The Force of Argument and the Argument of Force: A Study of the Rhetoric of Achamba and Abaago in Shadrach Ambanasom's Son of the Native Soil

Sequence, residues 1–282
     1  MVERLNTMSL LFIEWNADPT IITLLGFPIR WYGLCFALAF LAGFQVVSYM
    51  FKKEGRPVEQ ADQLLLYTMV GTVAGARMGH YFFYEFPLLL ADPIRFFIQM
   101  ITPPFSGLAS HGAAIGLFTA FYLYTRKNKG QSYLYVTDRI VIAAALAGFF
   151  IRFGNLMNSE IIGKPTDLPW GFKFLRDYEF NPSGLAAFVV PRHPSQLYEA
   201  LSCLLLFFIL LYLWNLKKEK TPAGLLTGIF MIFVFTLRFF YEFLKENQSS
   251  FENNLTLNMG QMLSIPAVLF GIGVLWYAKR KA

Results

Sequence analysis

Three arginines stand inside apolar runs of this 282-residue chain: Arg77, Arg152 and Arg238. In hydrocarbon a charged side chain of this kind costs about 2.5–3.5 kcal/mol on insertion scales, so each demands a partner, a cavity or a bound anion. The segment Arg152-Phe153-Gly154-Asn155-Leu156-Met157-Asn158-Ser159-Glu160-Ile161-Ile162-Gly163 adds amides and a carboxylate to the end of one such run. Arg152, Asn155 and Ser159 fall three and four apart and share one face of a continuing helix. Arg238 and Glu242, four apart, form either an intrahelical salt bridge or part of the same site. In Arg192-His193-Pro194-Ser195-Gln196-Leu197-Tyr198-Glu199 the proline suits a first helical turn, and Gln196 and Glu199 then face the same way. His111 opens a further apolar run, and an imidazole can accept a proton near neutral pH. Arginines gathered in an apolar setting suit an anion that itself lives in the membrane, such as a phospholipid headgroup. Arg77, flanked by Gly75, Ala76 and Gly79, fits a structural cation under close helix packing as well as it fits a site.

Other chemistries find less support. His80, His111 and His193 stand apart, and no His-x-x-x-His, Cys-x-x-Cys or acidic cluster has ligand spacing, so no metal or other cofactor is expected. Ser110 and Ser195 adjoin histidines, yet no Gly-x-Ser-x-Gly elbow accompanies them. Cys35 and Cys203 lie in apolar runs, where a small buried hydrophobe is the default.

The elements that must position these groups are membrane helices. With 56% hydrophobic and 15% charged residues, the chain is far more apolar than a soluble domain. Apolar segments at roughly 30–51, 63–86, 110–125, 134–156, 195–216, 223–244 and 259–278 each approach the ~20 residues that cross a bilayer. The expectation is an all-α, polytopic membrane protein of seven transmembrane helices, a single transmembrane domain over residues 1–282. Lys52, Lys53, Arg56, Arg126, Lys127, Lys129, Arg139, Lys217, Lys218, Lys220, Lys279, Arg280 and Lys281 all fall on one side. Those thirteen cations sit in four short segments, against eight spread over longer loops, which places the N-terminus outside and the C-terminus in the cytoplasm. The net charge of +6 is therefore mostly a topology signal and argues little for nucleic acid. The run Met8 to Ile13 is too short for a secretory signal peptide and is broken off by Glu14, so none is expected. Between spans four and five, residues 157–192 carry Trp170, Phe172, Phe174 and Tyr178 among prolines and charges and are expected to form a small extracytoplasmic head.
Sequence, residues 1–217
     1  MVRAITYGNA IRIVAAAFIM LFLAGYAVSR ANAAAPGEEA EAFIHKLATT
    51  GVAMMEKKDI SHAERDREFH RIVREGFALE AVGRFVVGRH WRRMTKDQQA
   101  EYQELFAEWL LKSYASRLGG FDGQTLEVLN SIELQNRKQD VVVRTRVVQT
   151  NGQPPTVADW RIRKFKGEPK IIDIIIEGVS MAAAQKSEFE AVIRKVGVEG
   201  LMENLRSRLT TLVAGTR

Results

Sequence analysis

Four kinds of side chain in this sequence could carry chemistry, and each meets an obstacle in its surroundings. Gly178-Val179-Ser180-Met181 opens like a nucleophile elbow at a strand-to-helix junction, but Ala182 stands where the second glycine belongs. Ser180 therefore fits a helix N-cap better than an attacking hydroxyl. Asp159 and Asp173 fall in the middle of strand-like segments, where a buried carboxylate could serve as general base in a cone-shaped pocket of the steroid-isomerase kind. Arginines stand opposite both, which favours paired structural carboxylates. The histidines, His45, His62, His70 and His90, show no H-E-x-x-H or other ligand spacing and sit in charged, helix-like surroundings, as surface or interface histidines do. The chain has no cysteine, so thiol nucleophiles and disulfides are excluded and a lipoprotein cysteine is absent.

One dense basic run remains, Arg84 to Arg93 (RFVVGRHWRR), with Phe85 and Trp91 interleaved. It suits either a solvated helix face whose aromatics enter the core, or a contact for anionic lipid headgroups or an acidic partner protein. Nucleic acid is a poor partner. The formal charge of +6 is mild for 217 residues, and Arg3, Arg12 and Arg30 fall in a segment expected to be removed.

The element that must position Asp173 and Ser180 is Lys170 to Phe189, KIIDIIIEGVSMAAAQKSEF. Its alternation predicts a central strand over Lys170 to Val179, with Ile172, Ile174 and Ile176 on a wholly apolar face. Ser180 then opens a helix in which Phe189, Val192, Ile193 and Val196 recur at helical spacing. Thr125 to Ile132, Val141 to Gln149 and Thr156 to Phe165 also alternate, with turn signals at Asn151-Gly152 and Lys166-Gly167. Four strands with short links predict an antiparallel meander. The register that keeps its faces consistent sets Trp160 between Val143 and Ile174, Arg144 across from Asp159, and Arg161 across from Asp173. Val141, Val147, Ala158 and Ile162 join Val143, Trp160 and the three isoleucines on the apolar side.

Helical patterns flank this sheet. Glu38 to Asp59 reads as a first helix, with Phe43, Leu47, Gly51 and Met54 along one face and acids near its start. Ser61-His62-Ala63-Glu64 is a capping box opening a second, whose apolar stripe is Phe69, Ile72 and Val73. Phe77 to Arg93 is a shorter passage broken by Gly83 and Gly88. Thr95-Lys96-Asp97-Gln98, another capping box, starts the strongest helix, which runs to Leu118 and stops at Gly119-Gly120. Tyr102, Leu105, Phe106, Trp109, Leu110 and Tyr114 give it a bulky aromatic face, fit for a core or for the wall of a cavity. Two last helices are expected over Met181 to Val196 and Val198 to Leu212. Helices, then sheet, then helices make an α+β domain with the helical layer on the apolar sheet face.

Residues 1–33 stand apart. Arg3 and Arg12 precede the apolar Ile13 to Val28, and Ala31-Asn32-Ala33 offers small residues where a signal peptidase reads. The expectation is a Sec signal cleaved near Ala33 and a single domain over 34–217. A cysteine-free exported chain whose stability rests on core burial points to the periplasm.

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Using Afrocentric and Western rhetorical typologies, this essay explores the discourse of Achamba and Abaago, two leading characters in Shadrach Ambanasom's Son of the Native Soil. On the one hand, Achamba is discussed as a rhetorician whose ethos, logos, and pathos enable him to admirably anchor his message of unity and development for Dudum among his compatriots. On the other, Abaago is perceived as a man lacking in dialectical argumentation. Because of this shortcoming, he embraces violence in an attempt to realize his vision of making Akan the administrative centre of Dudum. While the one is showcased as an exemplar of effective rhetoric, the other symbolizes lack of rhetorical savoir-faire. Through these two protagonists, Ambanasom gives a synoptic view of rhetorical practices of not only Dudum (Ngie) people, but also of contemporary Cameroon. At the same time, Ambanasom seems to problematize, in the rhetoric of his characters, issues of minority rights, governance, democracy, and dictatorship in Cameroon or even, on a grander scale, Africa.